that their guidance was at least occasionally acted
upon, the code can be said to have directly
influenced employee behaviour.

Research Question Two What are the reasons


why codes are complied or not complied with?
There were a number of reasons provided why
codes are complied or not complied with. In
terms of non-compliance with the code, the
respondents identified five reasons: (a) selfinterest (i.e., greed, being a star, financial distress,
avoid harassment); (b) dissatisfaction (i.e., with

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M. Schwartz

ones job or level of reimbursement); (c) environment (i.e., peer pressure, supervisors behaviour, opportunity); (d) companys best interest;
and (e) ignorance (i.e., never aware, didnt
perceive, forgot). Employees tend to comply with
the code due to: (a) personal values; (b) fear of
discipline; and (c) a feeling of loyalty to the
company.
Table II below summarizes typical responses

given by respondents in terms of why they or


others would violate their code of ethics:
Table III below summarizes typical responses
given by respondents in terms of why they would
comply their code of ethics.
Upon examination, several of the above factors
may be related. For example, one might speculate whether an increased presence of personal
values, fear of discipline, or job loyalty, might

TABLE II
Possible rationalizations for code non-compliance
General factor
(1) Self-interest

Specific reason
(a) Greed
(b) Being a star
(c) Financial distress
(d) Avoid harassment

Sample statements
It is greed that makes people do a lot of wrong things.
Wanting to be the best, wanting to beat your peers, being
the top.
Sometimes it is just that they need the money.
I dont need the hassle.

(2) Dissatisfaction

(a) Job
(b) Compensation

If you are not happy with your job.


[I] imagine they just justify it in their own minds that
I deserve this.

(3) Environment

(a) Peer Pressure

I might start to think this is obviously now an acceptable


behaviour.
If a manager is indifferent to lapses . . . people might be
influenced.
They just think they can get away with it.

(b) Supervisors
(c) Opportunity
(4) Companys interest
(5) Ignorance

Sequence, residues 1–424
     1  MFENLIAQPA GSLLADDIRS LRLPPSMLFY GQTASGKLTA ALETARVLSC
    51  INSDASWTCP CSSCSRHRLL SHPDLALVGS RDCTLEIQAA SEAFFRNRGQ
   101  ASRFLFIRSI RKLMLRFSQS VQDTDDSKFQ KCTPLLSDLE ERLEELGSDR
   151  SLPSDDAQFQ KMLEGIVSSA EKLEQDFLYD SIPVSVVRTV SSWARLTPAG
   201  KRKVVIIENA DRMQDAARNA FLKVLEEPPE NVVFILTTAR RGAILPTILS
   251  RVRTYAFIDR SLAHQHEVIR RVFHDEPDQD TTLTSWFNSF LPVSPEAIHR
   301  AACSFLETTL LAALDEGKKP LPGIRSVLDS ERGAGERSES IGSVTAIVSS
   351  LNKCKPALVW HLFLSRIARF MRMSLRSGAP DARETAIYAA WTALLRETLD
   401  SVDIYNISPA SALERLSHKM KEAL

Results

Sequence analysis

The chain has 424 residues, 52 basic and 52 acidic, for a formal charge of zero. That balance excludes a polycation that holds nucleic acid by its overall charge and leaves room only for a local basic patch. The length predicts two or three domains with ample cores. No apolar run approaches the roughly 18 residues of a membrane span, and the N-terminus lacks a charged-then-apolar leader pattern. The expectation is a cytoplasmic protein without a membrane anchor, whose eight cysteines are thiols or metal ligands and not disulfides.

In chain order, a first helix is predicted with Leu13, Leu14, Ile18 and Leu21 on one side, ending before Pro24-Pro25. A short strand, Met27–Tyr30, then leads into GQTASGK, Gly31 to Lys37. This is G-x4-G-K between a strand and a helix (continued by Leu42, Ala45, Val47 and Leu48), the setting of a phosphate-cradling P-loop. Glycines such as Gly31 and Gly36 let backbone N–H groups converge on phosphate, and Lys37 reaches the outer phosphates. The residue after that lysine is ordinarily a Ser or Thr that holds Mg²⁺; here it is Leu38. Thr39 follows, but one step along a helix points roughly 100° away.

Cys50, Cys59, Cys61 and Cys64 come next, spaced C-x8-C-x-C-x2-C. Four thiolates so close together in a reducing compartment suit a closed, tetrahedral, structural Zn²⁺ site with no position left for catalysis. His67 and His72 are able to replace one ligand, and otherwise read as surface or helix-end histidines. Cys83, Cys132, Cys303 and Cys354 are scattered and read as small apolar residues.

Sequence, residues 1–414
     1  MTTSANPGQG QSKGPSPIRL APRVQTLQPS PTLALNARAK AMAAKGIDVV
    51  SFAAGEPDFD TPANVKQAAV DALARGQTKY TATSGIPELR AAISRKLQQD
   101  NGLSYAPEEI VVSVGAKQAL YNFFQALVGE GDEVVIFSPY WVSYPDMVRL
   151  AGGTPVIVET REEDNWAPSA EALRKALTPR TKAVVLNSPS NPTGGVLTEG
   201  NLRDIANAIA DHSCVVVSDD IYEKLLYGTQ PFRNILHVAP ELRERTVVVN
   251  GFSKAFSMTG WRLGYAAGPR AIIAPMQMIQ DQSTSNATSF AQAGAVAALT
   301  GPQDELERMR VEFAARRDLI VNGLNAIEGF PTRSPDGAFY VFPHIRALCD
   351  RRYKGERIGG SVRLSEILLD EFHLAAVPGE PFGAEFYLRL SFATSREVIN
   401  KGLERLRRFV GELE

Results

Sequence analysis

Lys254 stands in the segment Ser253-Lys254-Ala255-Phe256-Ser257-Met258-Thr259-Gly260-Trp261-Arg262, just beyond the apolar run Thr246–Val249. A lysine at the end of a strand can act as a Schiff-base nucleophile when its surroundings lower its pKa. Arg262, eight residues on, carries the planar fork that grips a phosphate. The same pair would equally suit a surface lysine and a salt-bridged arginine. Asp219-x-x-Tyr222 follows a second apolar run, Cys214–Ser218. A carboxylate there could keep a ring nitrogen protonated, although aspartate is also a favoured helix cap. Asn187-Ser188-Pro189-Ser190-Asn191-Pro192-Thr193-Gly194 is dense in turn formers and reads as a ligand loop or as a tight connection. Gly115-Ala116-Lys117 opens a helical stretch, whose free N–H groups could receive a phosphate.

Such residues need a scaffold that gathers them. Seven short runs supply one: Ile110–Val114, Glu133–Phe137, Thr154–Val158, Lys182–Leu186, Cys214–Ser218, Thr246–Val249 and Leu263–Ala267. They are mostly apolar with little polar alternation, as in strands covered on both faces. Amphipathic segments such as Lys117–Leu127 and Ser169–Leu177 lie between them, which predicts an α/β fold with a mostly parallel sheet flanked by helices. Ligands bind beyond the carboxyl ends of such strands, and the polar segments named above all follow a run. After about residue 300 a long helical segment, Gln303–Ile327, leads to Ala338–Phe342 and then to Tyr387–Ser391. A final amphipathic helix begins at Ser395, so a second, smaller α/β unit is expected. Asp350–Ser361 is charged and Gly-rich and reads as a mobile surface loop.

Maybe its in the best interests of the company at that


particular time, or so the employee thought.
(a) Never knew
(b) Didnt perceive
(c) Forgot

I think sometimes it is ignorance . . . nobody ties you


down and makes you read it.
Weve had situations where the particular situation just
didnt register as a potential . . . violation.
. . . people do have a tendency to forget certain things.

TABLE III
Possible reasons for code compliance
General factor

Sample statements

(1) Personal Values

I comply with the code because Ive been brought up that way.

(2) Fear of Discipline

Because Im scared to death to lose my job.

(3) Feeling of Loyalty

Out of loyalty . . . I am not going to go out and bite the hand that feeds you type
of thing.

The Nature of the Relationship between Corporate Codes of Ethics and Behaviour
diminish the impact greed, opportunity, and
dissatisfaction have in influencing behaviour. It
may also be the case that not only would the
presence of each of these factors increase compliance or non-compliance with the code, but
that the non-presence of any of the factors may
also increase compliance or non-compliance as
well. For example, if the factors of self-interest,
dissatisfaction, environment, companys interest,
and ignorance were not present, code compliance may be enhanced. If the factors of personal
values, fear of discipline, and loyalty to the
company were not present, code non-compliance
might increase.

Research Question Three: How do codes influence


employee behaviour?
In terms of the manner in which codes can
influence behaviour, the study found that eight
themes or metaphors emerged from the interview data which help to explain how codes can
influence behaviour: (1) as a rule-book, the code
acts to clarify what behaviour is expected for
employees; (2) as a sign-post, the code can lead
employees to consult other individuals or corporate policies to determine whether certain
behaviour is appropriate; (3) as a mirror, the code
provides employees with an opportunity to
confirm whether behaviour is acceptable to the
corporation; (4) as a magnifying glass, the code
suggests a note of caution to employees to be
more careful or engage in greater reflection
before acting; (5) as a shield, the code acts in a
manner which allows employees to better
challenge and resist unethical requests; (6) as a
smoke detector, the code leads employees to try to
convince others and warn them of their inappropriate behaviour; (7) as a fire alarm, the code
leads employees to contact the appropriate
authority and report violations; and finally (8)
as a club, the potential enforcement of the code
causes employees to comply with the codes
provisions. Table IV below provides sample
quotes for each of the metaphors and an indication of how behaviour is modified.
The code metaphors help to demonstrate that
codes have the ability to influence behaviour in

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several distinct fashions. In some cases, the